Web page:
Date of Graduation

5-2019

Document Type

Thesis

Degree Name

Master of Science in Plant Pathology (MS)

Degree Level

Graduate

Department

Plant Pathology

Advisor

Clemencia Rojas

Committee Member

Ken Korth

Second Committee Member

Vibha Srivastava

Third Committee Member

Ioannis Tzanetakis

Keywords

Bacteriology, Biological Control, Burkholderia, Microbiology, Plant Pathology, Rice

Abstract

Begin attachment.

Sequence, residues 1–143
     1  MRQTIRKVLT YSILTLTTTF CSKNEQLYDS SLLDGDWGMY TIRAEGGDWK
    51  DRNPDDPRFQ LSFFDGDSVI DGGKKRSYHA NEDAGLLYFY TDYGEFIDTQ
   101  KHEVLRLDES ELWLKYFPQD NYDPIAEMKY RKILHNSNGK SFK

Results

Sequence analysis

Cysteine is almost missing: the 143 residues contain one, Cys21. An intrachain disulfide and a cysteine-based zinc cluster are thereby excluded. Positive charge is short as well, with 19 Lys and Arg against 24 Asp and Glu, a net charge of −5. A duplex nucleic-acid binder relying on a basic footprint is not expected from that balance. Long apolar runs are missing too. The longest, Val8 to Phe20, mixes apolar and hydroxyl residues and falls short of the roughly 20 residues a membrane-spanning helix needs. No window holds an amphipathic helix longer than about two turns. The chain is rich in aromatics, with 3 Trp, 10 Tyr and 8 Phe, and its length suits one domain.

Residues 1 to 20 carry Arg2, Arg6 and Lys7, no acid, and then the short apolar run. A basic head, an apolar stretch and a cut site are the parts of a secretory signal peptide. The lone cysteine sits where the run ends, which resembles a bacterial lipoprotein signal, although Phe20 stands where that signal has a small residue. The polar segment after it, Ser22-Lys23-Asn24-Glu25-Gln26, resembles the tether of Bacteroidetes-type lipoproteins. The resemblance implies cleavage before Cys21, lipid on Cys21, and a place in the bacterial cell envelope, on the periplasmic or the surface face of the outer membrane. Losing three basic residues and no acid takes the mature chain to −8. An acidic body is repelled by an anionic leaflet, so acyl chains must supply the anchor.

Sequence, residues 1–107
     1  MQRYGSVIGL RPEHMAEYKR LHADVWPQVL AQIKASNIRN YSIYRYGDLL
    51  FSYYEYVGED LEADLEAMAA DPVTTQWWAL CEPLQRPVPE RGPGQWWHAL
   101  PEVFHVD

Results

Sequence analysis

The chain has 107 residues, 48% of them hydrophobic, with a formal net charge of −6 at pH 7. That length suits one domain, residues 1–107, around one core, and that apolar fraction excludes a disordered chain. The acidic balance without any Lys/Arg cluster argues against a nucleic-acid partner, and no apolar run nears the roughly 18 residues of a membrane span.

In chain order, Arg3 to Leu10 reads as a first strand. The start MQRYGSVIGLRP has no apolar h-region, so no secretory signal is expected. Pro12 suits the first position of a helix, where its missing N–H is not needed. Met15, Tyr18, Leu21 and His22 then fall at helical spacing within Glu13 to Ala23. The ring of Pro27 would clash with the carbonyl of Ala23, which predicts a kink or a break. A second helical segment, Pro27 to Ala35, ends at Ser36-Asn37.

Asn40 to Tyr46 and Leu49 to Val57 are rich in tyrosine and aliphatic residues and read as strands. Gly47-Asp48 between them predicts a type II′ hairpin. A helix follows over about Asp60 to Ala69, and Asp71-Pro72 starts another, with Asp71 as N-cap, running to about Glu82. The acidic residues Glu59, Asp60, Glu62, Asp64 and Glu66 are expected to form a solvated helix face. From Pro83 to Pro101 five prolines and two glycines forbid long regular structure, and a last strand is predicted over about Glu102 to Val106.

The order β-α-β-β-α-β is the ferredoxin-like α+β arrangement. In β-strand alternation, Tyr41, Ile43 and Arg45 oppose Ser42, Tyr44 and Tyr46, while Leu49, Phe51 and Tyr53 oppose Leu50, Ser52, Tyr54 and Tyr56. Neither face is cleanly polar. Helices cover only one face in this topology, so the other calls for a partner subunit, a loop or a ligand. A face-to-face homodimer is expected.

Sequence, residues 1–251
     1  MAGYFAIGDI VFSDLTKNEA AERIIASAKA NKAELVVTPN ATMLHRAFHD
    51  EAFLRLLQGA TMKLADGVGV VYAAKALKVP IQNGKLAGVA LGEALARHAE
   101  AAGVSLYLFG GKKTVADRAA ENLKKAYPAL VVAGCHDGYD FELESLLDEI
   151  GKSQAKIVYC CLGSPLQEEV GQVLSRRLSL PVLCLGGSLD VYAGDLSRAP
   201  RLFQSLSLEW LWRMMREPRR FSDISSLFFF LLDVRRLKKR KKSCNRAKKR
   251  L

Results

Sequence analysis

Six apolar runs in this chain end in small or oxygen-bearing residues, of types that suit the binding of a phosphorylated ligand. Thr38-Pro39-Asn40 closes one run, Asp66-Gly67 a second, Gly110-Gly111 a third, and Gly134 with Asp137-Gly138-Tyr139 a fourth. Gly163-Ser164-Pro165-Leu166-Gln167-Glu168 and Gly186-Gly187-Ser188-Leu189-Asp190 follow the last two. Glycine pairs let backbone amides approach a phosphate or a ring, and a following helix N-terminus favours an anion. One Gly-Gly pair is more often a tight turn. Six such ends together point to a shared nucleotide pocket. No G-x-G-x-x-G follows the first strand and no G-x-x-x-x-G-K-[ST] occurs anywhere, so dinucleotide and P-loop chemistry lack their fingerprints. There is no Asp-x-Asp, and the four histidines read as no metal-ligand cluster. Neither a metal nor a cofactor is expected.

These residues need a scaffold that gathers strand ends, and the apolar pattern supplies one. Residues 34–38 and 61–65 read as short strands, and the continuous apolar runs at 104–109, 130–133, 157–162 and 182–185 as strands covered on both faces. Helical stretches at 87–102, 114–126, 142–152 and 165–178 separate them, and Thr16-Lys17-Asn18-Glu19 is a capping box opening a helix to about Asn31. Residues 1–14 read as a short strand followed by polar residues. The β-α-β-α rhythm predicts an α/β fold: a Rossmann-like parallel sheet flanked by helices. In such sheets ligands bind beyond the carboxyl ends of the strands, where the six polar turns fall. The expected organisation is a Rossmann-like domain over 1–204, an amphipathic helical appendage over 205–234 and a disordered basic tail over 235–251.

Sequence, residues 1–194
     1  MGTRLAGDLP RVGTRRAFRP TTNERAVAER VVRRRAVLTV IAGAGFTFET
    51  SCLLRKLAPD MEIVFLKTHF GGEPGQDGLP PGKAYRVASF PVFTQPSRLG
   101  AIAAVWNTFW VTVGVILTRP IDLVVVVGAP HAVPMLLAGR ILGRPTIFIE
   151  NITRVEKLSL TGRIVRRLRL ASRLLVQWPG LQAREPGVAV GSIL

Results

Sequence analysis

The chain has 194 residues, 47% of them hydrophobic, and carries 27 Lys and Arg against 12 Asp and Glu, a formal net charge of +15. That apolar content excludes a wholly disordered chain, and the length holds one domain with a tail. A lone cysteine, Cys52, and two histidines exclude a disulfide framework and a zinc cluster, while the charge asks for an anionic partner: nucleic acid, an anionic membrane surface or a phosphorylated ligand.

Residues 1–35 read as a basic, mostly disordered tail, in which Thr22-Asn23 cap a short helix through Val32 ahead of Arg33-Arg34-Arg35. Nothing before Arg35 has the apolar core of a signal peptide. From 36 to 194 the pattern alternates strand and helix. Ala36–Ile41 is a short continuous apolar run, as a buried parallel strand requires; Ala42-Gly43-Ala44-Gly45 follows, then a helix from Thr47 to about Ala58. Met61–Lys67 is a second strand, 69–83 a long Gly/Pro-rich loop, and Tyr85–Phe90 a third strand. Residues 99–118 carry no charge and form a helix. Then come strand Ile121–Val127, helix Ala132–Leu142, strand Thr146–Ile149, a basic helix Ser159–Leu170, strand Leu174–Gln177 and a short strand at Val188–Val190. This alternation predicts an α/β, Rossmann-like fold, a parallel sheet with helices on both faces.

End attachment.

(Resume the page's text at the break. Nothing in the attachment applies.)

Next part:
Burkholderia glumae is the causal agent of the emerging disease, Bacterial Panicle Blight of rice, a serious disease that can significantly decrease yield and poses a threat to rice production worldwide. This thesis is concerned with searching for a biological control agent to control this disease. Plant associated microbes are a good source of beneficial bacteria which can be exploited for use as a biological control agent. It is possible that the microbiomes of cultivars which are known to be more resistant to plant pathogens may contain more microbes which inhibit those pathogens and therefore could be used as biological control agents in agriculture. This thesis can be divided into two parts, part one which is concerned with identifying inhibitory bacteria from the moderately resistant rice cultivar Jupiter and from the Rojas Lab collection, and part two which is concerned with identifying the mode of control these inhibitory bacteria use against B. glumae. The hypotheses for part one are that there are different rice associated bacteria present on the susceptible cultivar Bengal and the moderately resistant cultivar Jupiter, and that the rice associated bacteria unique to Jupiter add to its resistance to the pathogen. The hypotheses for part two are that the inhibitory bacteria identified in part one use either competition or antibiosis to inhibit B. glumae. These hypotheses were tested using a variety of experiments including microbiome isolation, inhibition assays, plant inoculations and inhibitory compound isolation experiments to find bacteria which could control B. glumae, and to discover their mechanisms of inhibition. Though the bacteria isolated from Bengal and Jupiter were comprised of different bacterial strains, the Jupiter-specific bacteria were not particularly good at inhibiting the growth of the pathogen. Two strains of bacteria from the Rojas lab collection, Burkholderia cenocepacia and Pseudomonas fluorsecens, however were found to be very successful at inhibiting the growth of B. glumae and successfully reduced symptoms of infection in vivo. Furthermore it was found that these two bacterial strains do in fact control B. glumae through the production of inhibitory compounds.

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